Even though, HBV and HIV have common routes of transmission and endemic areas, HBV is about 50-100 times more infectious than HIV. Consequently, in some settings up to two thirds of all HIV-infected people have blood markers of past or present HBV infection [7] [8] .

A community based sero-epidemiological survey of Addis Ababa, Ethiopia has shown a 7% sero-prevalence for HBsAg [9] . Other hospital-based studies in the country conducted at St Paul’s General Specialized Hospital and Shashemene General Hospital documented a 3.9% to 14% of HBsAg prevalence among HIV positive individuals consecutively [10] [11] .

Hepatitis B is avoidable with a readily available and efficacious vaccine [2] . Among the groups for whom CDC recommends vaccination against hepatitis B are persons who have or are at risk for HIV infection, including men having sex with men (MSM); persons who inject drugs; susceptible sex partners of infected persons; persons with multiple sex partners; anyone with a sexually transmitted infection (STI); and health care and public safety workers exposed to blood on the job [1] .

Ethiopia is being one of the countries that most hit by HIV infection (prevalence of 2.1%) and is also found in a region classified as high endemic area for HBV; the likelihood of HBV/HIV co infection is highly anticipated [12] .

However, in Africa in general and in Ethiopia in particular, information on the magnitude of HBV positivity at different risk groups including people living with HIV/AIDS is scarce.

Because of the significant burden and clinical impact of HBV in HIV-infected individuals, understanding the epidemiologic trends, exposure proportions and associated risk factors have paramount importance to undertake effective prevention measures [13] .

2. Methods

2.1. Study Setting and Study Population

Hospital based cross-sectional study was conducted from May 2 to July 2, 2014 at Hawassa University Referral Hospital. All adults living with HIV, who visited the hospital during the study period and fulfilled the inclusion criteria, were included in the study using consecutive sampling technique. An interview with pretested structured questionnaire having open and closed ended questions adapted from similar survey reviews that have been carried out inside and outside the country was used for data collection. Three milliliters of venues blood was collected from each patient with standard operational procedure. Serum was separated by centrifugation at 3000 rpm for 5 minutes after the blood has been clotted. The serum was tested for HBsAg by Wondfo one step HBsAg test strip according to the manufacturer’s instruction. This test strip had sensitivity and specificity of 96.2% and 99.3% respectively.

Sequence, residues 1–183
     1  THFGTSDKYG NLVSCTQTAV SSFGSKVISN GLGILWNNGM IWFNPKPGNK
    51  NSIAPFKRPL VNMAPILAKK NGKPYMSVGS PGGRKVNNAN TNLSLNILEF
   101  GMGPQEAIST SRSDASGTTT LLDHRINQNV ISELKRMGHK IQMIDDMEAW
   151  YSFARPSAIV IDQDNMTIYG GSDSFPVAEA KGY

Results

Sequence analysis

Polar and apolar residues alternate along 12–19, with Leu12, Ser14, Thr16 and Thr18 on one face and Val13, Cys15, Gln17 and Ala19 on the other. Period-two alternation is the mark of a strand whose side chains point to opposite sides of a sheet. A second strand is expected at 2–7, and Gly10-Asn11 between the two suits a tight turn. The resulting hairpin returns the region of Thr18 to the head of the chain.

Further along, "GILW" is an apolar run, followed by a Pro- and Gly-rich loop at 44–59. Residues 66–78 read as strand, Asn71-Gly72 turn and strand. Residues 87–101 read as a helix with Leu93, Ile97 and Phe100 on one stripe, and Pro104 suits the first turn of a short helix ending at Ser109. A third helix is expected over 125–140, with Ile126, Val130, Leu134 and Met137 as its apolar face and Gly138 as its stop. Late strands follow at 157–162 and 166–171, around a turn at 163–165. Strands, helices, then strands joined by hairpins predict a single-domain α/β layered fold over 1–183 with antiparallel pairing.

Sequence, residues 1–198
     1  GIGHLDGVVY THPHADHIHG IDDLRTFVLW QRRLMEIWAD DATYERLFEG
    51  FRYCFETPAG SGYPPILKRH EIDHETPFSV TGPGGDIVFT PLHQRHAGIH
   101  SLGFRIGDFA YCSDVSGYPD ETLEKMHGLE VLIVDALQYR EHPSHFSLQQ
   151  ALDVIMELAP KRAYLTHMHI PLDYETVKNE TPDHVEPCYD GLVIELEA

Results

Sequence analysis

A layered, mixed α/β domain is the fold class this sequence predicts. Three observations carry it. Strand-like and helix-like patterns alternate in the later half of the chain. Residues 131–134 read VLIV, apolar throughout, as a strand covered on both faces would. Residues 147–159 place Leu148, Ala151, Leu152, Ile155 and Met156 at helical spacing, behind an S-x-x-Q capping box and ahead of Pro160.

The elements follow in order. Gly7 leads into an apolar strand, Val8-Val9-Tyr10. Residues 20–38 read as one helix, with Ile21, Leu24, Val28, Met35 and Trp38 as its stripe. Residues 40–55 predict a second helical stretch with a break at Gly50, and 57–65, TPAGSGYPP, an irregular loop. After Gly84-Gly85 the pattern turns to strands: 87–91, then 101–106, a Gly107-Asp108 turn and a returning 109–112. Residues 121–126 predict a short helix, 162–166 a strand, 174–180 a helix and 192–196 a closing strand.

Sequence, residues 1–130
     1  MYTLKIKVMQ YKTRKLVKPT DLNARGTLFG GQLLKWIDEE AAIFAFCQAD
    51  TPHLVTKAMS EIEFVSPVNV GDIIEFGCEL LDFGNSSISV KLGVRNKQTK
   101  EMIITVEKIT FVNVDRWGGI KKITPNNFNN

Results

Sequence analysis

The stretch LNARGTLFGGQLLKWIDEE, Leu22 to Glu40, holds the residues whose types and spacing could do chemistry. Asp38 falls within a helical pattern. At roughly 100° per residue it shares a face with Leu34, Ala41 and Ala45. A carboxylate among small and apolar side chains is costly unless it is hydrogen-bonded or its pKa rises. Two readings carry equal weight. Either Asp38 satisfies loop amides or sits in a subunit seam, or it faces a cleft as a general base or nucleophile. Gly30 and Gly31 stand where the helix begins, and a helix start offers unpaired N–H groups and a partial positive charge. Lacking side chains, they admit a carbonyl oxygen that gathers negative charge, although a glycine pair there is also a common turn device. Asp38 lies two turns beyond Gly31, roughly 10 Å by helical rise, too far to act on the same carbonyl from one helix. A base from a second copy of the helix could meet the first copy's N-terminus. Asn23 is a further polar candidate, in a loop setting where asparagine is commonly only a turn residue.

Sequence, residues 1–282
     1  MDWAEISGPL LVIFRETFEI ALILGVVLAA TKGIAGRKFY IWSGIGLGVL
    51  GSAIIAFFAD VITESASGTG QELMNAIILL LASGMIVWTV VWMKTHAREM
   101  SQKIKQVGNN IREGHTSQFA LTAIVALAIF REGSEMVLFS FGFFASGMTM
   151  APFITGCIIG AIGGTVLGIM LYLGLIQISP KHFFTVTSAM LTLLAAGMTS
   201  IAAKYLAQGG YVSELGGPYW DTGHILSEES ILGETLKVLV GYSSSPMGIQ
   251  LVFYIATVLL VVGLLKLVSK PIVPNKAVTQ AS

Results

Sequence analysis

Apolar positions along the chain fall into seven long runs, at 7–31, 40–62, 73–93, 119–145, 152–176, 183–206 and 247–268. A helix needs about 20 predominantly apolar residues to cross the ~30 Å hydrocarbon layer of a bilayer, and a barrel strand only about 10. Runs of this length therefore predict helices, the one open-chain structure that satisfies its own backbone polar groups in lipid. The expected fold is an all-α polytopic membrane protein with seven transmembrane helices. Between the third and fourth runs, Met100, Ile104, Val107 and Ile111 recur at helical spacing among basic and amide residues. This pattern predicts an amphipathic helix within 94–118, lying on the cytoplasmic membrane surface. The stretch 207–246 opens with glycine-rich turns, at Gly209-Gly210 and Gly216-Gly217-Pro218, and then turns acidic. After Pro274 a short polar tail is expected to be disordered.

The study variables were selected after reviewing relevant literatures according to the objective of the study. The dependent variables were Hepatitis B virus infection status. The independent variables were categorized under socio-demographic characteristics, behavioral, clinical and knowledge related factors.

2.2. Data Processing and Analysis

Data was entered into Epi Data version 3.1 then exported to SPSS version 20 for analysis. Summary statistics such as frequencies and percentages were computed. Bivariate analysis was conducted primarily to check association of each variable with the dependent variable. To control for possible effect of confounding, variables found to have association with the dependent variable at P-value of 0.2 were entered into multivariate logistic regression. The variables which had significant association with P-value less than 0.05 in the multivariate logistic regression were considered to be independent factors. The model was diagnosed by Hosmer and Lemeshow goodness of fit tests.

2.3. Ethical Consideration

Ethical clearance was obtained from Jimma University, College of Public Health and Medical Sciences. Letter of cooperation was taken from the Department of Epidemiology and Biostatics and from Hawassa University Referral Hospital. Each respondent was informed about the objective of the study and a written consent was obtained. Confidentiality was kept at each step of data collection and processing. In addition, positive HBsAg test results of the study participants were communicated with their physician for farther investigation and better management of the patients.

3. Result

From 358 HIV positive adults contacted, 348 of them were included in the analysis with a response rate of 97.2%.

Majority, 220 (63.2%) of the respondents were females, age ranged 25 - 34 years old (52.9%) with mean (±SD) age of 33.2 (9.1) years old. About 92% of them were urban residents (Table 1).

The prevalence of HBsAg was found to be 24 (6.9%); of whom 17(7.7%) were females and 7 (5.5%) were males. With respect to age, the prevalence of HBsAg was 3 (7.5%) in age category of 18-24, 15 (8.2%) in age category of 25 - 34 and 6 (4.8%) for above 34 years old. All of the participants with HBsAg positive results live in urban areas.